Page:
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UMF-GN01-03-April08

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Umbilical Manufacturers
Federation


Comparison of Steel Tubes and Thermoplastic Hoses
in Umbilical Service




UMF-GN01-03 April08
Umbilical Manufacturers
Federation

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COMPARISON OF STEEL TUBES AND THERMOPLASTIC HOSES
FOR UMBILICAL SERVICE

Umbilicals used for the control of subsea production systems contain fluid conduits for the provision of hydraulic power and
transportation of chemical injection fluids (corrosion / scale / hydrate inhibitors / methane, etc.). They may also be used to vent
well produced fluids from the annulus of a well head arrangement. Two types of fluid conduits are utilised in umbilicals, steel
tubes and thermoplastic hoses with widely differing characteristics. Thermoplastic hoses were first used in umbilical service in
the mid 1970s, with steel tubes being seriously considered in the late 1990s with the advent of higher strength and more
corrosion resistant grades of Stainless Steel.
Thermoplastic hoses are relatively flexible and of low tensile strength; steel tubes are relatively stiff and of high tensile
strength. To those not involved in the engineering and design of umbilicals these opposing characteristics can appear
confusing. It is, however, these opposing characteristics which gives the umbilical designer a wide scope in order to
technically and commercially optimise the fluid conduits and umbilical design specific to a project requirement. Such
optimisation includes combinations of steel tubes and thermoplastic hoses in an umbilical (hybrid design).
In order to better appreciate the differences between the two types of fluid conduits this UMF Guidance Note document has
been developed to illustrate the differences between the two types of fluid conduits.




UMF-GN01-03 April08
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Subject Steel Tube Thermoplastic Hoses
Construction Seam welded from strip or seamless from hollows.

Seamless only available in relatively short lengths, necessitating
welding to achieve production lengths.

Depending on base material of construction, tubes may be metallic
or polymer sheathed for corrosion resistance requirements.
Seamless inner thermoplastic tube (liner) acting as a diaphragm seal,
one or more layers of high tenacity yarn (reinforcement) acting as
pressure retaining element, extruded sheath providing mechanical and
environmental protection.

In some instances the liner may incorporate an internal support
arrangement (carcass) to resist external hydrostatic pressure.

Materials of Construction
(Typical)
Tube: Carbon Steel, Stainless Steel (Duplex, Super
Duplex, etc).

Sheath: Zinc or polyethylene bonded to the tube in both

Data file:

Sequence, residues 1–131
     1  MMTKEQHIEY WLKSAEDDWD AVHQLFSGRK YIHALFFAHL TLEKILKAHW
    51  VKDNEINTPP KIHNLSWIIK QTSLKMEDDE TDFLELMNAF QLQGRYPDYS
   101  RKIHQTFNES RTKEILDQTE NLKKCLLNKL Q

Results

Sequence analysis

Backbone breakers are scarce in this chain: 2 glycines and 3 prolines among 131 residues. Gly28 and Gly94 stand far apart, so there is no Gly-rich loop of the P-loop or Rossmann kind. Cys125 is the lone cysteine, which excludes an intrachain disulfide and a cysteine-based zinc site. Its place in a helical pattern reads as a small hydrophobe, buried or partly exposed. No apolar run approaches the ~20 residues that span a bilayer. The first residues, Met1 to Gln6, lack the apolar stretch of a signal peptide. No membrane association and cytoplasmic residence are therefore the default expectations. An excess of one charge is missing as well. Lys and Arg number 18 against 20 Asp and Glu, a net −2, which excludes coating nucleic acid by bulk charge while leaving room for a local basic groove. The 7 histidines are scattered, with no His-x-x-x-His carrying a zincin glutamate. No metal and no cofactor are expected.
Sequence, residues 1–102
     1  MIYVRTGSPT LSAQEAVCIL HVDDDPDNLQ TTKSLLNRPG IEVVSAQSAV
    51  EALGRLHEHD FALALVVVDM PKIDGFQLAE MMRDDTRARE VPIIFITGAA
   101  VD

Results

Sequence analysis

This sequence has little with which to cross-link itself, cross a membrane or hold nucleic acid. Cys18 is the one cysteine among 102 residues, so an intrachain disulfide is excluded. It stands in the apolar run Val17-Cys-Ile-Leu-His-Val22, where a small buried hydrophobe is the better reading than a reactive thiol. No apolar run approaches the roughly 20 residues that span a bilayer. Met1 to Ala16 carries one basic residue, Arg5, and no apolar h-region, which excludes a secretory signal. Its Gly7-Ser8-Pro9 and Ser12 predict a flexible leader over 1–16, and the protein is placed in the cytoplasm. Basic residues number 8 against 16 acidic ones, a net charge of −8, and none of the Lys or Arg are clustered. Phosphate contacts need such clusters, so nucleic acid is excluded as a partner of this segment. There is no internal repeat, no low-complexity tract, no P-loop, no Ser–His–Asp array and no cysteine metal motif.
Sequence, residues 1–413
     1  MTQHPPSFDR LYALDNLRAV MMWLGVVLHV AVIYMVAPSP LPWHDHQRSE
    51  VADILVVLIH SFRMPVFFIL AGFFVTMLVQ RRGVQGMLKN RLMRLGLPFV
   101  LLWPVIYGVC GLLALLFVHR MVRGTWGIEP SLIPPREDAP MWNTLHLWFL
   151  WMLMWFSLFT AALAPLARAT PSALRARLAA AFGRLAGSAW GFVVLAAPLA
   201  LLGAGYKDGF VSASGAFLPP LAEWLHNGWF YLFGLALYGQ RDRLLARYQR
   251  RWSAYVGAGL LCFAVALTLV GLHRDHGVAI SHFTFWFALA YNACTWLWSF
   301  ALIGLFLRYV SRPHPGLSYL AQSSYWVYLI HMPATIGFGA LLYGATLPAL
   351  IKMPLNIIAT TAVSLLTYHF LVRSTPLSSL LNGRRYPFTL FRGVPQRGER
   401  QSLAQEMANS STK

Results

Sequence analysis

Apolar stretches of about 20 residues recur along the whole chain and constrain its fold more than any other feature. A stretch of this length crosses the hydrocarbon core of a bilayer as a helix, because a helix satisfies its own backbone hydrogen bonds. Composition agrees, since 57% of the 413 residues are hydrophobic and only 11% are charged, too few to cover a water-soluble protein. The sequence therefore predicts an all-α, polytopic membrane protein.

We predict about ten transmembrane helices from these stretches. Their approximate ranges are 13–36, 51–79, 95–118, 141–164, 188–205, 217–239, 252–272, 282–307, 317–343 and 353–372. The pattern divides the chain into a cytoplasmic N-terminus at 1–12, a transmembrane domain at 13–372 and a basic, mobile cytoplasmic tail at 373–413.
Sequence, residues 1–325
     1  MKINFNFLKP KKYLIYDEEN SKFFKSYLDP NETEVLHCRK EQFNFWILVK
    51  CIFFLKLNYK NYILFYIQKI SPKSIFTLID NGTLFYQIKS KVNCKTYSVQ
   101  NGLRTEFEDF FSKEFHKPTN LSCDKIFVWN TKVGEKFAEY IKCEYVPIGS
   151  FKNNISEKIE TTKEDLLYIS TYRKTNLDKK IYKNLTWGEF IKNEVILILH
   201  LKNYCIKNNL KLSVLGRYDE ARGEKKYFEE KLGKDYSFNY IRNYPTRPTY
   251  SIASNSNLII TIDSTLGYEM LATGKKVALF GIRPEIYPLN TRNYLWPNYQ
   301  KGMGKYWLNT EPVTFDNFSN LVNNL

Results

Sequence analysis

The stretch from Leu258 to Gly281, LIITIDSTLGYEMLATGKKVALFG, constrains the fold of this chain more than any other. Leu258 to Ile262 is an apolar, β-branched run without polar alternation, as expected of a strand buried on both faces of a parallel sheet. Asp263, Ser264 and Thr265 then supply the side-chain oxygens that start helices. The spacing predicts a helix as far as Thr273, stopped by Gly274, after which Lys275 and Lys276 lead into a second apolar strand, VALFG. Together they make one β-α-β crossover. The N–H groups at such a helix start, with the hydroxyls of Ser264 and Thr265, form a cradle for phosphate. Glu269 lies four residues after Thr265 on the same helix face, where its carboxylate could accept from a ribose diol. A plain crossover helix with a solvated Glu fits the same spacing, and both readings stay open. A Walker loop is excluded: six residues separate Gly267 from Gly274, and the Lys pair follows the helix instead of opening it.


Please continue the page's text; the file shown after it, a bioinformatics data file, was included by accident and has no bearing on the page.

instances for corrosion protection. May be non-
bonded thermoplastic for mechanical protection
or geometrical conformance.

Liner: Polyamide 11, polyethylene.
Reinforcement: High strength fibre, (aramid).
Sheath: Polyamide 11, polyethylene.
Carcass: Stainless Steel (316L)

Note: May be oversheathed with suitable thermoplastic polymer for
geometrical conformance.
Maximum Continuous
Component Manufacturing
Length (Typical)
Seamless: 10-30m depending on bore size/tube wall
thickness

Seam Welded: 3,000 8,000m depending on bore size / tube
wall thickness.
Non-carcass: 5,000 - 24,000m depending on bore
size / pressure rating

Carcass: 3,000 - 18,000m depending on bore
size / pressure rating.

Typical Bore Size Range 13 50mm, production umbilical service

13 100mm, integrated production umbilical service (IPU)

6 50mm, production umbilical service.
Design Working Pressure
(DWP)
Stainless Steels:-
316L : 862 bar / 12,500 psi
19D : 1,207 bar / 17,500 psi
Super Duplex : 1,517 bar / 22,000 psi
Carbon Steel : 1,207 bar / 17,500 psi

Note: The above values are general indicators only as other issues
such as pressure test factor, service conditions, lay-up, etc., all
862 bar / 12,500 psi

Note: as bore size increases, DWP decreases.




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Subject Steel Tube Thermoplastic Hoses
influence maximum practical wall thickness and hence the DWP.

Safety Factor Normally 1.25-1.50 based on minimum yield strength.

Note: Unlike the hose criteria for burst pressure to design work
pressure (DWP) ratio, steel tubes are designed based on mechanical
properties of the tube material, principally its specified minimum
yield strength (SMYS).

4:1 based on minimum burst pressure to DWP ratio.

Design Standard ISO 13628-5 Petroleum and natural gas industries Design and operation of subsea production systems Part 5, subsea umbilicals

API 17E Specification for Subsea Production Control Umbilicals

Note: ISO 13628-5 and API 17E are basically the same document under a sharing agreement.

End Connections Welded fittings or welded to mating tube forming part of the